How do you administer the dépense idea? How do you operationalise it?

If I have understood these ideas correctly then what opens up for me is a huge number of questions. For example how is the social depense to be organised/administered? How is it to be decided, and by whom, what is an acceptable level of basic provision and what is to be destroyed as “excess”? How is “excess” to be identified and then “socialised” prior to its “waste” in a useless fashion? I suppose that by guaranteeing a basic income and a maximum income and then taxing all the rest away that one could say that that rest was “excess” but would the authors really want to spend this excess without any investment whatsoever? For example all buildings as well as other forms of public infrastructure would be depreciating as they always do – should provision be set aside to maintain their upkeep and replacement? “Growth” can happen because when equipment needs replacing and the replacements are “upgrades”. Where does that fit into dépense?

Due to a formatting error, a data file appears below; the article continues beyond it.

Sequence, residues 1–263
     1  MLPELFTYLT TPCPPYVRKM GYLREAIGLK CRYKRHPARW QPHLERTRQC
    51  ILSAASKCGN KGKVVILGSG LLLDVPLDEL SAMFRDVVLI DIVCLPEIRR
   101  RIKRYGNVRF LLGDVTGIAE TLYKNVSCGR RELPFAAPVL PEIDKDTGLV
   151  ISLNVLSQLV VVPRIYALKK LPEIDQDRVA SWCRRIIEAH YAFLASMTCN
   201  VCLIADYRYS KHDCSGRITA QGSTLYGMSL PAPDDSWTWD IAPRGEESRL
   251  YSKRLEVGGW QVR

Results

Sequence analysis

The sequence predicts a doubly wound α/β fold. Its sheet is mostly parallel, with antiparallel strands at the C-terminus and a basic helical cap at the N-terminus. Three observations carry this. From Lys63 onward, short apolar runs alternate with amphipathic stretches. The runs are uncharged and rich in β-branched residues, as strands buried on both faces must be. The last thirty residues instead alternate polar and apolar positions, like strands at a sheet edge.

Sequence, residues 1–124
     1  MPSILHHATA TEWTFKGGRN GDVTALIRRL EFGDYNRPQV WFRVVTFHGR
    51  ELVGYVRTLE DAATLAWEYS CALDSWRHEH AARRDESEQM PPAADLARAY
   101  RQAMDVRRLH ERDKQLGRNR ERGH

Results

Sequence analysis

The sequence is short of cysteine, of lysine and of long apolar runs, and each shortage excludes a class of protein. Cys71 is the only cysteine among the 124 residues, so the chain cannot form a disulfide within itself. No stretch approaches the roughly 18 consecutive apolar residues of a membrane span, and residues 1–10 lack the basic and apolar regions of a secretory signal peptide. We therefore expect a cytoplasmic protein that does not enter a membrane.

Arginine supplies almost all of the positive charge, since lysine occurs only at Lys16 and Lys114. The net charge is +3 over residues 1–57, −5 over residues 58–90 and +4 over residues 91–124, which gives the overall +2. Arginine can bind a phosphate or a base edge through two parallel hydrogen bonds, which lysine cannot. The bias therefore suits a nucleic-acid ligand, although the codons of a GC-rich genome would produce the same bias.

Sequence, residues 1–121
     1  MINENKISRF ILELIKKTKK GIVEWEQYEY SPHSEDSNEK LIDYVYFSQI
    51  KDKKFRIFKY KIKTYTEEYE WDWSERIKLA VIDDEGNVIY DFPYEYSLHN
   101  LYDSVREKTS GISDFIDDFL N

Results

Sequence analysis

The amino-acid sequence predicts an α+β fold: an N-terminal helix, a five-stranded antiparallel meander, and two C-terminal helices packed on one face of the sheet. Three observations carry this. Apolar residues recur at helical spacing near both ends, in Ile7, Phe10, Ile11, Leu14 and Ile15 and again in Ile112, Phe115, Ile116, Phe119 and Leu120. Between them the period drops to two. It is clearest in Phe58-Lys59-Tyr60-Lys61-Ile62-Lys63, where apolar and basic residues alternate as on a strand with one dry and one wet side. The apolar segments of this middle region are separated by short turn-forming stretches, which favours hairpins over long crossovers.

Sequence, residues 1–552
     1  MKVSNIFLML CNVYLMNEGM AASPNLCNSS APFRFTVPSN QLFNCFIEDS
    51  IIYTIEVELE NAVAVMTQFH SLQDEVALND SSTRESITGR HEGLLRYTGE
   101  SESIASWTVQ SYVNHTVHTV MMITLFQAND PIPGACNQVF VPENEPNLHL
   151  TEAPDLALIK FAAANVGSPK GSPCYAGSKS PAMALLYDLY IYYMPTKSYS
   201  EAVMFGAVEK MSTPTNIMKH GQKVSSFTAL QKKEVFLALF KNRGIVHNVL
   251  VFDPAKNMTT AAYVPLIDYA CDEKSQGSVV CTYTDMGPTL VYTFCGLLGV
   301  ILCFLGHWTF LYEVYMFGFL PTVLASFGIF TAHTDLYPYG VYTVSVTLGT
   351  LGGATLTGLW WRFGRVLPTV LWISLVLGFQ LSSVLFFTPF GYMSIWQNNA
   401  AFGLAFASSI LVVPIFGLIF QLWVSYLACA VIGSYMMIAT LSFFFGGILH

Further to that, what exactly is “dépense sociale”? On the last page the editors give a list of examples – collective feasts, Olympic Games, idle ecosystems, military expenditures and voyages to space and they refer to pressure on democratic and deliberative institutions choosing between these.